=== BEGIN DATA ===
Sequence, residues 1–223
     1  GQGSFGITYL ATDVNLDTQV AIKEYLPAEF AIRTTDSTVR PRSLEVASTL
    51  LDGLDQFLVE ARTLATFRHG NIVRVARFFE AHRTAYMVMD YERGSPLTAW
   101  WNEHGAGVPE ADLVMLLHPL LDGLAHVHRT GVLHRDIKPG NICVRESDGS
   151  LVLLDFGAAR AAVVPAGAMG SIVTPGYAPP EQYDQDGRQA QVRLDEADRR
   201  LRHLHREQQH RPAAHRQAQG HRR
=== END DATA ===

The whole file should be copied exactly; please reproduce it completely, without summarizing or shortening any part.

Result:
Sequence, residues 1–223
     1  GQGSFGITYL ATDVNLDTQV AIKEYLPAEF AIRTTDSTVR PRSLEVASTL
    51  LDGLDQFLVE ARTLATFRHG NIVRVARFFE AHRTAYMVMD YERGSPLTAW
   101  WNEHGAGVPE ADLVMLLHPL LDGLAHVHRT GVLHRDIKPG NICVRESDGS
   151  LVLLDFGAAR AAVVPAGAMG SIVTPGYAPP EQYDQDGRQA QVRLDEADRR
   201  LRHLHREQQH RPAAHRQAQG HRR